(Though I do not doubt that some genuinely do, Alora.)

Now that I understand the nature of the problem, I can resign myself to hopelessness. Lol.

Or try to figure out a way to make it a repeating game. Hmmmmmm.

Edit to try to repair the link, finally, after several tries.

[edit on 26-8-2008 by Illusionsaregrander]

posted on Aug, 28 2008 @ 11:27 PM
Well to be honest, the reason I dont want to adopt is because they aren't my kids. When I say that I mean half of me, half of the significant other I decided to have kids with.

Many things are a result of genetics. As a result of that, I would prefer procreating to adoption.

As far as population control goes, it really does solve much imo. The problem is peoples unwillingness to let life take its course, aka, death. People want to live as long as possible. Over population isn't a result of too many people screwing, trust me. People have been going at it since the dawn of our species. Nothing has really changed except our technology to prevent death.

Nature has always been the best population control.

oh, and as for logic, when has humanity ever acted in a group effort logically? If so, it was by pure coincidence. When it comes to groups, people run on emotions and nothing more. What appeals best to their senses. Who comes off as strong is their leader, not he who makes the most sense. Most people fail horribly at making logical connections, and therefore, they really don't see the world the way you do. They may not even be able to make the logical connection that there is a forthcoming disaster because overpopulation.

The only thing harder than imagining a vastly superior/more logical species, is imagining the life of one that is illogical beyond all measure. It baffles me sometimes, the absurd connections people make, and how little sense they used to come to such conclusions.

[edit on 28-8-2008 by grimreaper797]

posted on Sep, 6 2008 @ 09:54 PM
Great thread -- I love the "game theory" post. I really think that's a big part of why this can't work in our current world. Too much fear that if "we" don't keep up in reproductive terms, "they" will rule the world in the future, not enough realization that if we all try to outreproduce each other, there won't be much of a world left.

I confess to being a woman who has not experienced the "biological clock" phenomenon in the same way that I've seen some (not all) of my friends feel it. And like the OP, I think that if I became responsible for a child (through adoption, procreation, or -- please no -- because a loved one was unable to care for their own), I would step up to the plate and be an excellent parent. For what it's worth, I was raised by my biological parents, who were also excellent (though hardly faultless) parents.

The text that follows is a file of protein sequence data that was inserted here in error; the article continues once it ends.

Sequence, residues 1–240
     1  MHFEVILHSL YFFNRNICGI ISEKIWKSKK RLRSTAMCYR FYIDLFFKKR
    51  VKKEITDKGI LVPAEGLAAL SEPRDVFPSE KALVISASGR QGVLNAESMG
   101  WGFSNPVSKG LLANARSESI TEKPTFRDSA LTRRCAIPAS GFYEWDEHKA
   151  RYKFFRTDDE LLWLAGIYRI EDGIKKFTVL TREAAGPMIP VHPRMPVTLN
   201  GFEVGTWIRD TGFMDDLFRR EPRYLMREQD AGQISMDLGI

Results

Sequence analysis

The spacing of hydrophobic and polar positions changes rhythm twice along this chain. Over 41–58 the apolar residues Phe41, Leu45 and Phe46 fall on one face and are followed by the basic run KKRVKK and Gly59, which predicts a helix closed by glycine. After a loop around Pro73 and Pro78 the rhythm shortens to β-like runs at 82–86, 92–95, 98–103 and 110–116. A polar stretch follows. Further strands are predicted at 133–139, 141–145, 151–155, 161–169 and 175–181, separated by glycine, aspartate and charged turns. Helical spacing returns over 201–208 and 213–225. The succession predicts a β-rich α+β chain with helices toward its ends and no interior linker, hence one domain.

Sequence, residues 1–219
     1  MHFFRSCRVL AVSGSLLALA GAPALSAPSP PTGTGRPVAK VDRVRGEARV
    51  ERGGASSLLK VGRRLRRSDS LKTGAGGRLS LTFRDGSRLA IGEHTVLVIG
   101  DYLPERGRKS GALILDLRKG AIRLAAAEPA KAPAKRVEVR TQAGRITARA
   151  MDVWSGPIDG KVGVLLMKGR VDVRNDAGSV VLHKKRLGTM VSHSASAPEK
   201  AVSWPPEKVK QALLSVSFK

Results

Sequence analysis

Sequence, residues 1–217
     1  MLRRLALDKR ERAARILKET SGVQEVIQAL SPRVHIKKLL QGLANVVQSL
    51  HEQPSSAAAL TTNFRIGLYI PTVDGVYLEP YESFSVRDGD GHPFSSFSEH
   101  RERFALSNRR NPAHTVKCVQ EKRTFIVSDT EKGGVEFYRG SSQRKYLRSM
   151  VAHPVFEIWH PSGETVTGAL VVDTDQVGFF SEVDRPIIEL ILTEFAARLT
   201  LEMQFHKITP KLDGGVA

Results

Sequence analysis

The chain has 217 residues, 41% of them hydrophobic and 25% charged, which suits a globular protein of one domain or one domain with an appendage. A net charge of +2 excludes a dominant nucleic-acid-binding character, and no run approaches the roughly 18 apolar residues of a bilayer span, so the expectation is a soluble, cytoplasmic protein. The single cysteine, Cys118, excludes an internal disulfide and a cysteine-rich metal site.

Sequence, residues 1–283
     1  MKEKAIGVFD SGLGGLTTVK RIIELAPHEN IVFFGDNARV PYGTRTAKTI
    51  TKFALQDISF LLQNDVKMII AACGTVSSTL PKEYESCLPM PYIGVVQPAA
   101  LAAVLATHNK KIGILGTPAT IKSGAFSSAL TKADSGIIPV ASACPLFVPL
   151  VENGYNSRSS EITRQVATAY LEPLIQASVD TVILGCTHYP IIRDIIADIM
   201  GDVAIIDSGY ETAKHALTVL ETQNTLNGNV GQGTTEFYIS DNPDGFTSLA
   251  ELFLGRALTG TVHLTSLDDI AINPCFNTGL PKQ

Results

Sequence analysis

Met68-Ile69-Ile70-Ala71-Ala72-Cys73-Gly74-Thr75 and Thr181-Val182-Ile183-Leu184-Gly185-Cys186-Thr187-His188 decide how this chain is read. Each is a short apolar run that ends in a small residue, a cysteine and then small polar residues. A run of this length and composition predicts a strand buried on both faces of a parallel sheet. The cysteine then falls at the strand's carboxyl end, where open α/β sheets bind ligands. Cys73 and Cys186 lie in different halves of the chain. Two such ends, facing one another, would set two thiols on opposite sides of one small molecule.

I'm not convinced that the desire for children couldn't be genetic -- either directly in terms of what is in our genome turning it on or off, or indirectly in terms of level of expression of a gene or genes at some point in our lives.

But I do think that a lot of it is cultural. Until the post-baby boom generation (in the U.S -- I suspect that these things vary a whole lot according to where you look) women were pretty much expected to reproduce or give themselves selflessly to be caretakers for others. Even those of us who were raised hearing that we didn't have to be that way, watched our own mothers do so. I think it takes way more than a single generation for this kind of change to permeate both words and actions enough that children don't get mixed messages.

posted on Sep, 6 2008 @ 10:25 PM
Really the only places with population density problems seems to be China, India and some African countries. Simplistic yes but many of the industrialized countries seem to have a steady increase to population or even a project decline in such parts as Germany and Japan. A lot of the younger Americans don't seem to be too thrilled with having children either. Much of Americas increase in population is projected to be from immigrants and minorities.

So America won't need population control, the land mass is huge for one thing. Will other countries need it? Maybe, but it doesn't really concern us imo.

About what you were saying earlier about it being genetic to procreate or if it was something else, Erickson's stages of development go over that a little bit. There's a stage that involves giving to the next generation and leaving your mark called Generativity vs. Stagnation. So the ability to fulfill generativity could be met with or without genetic offspring, of course generativity can be met with a wide variety of things.
It's number 7 btw

[edit on 6-9-2008 by ghaleon12]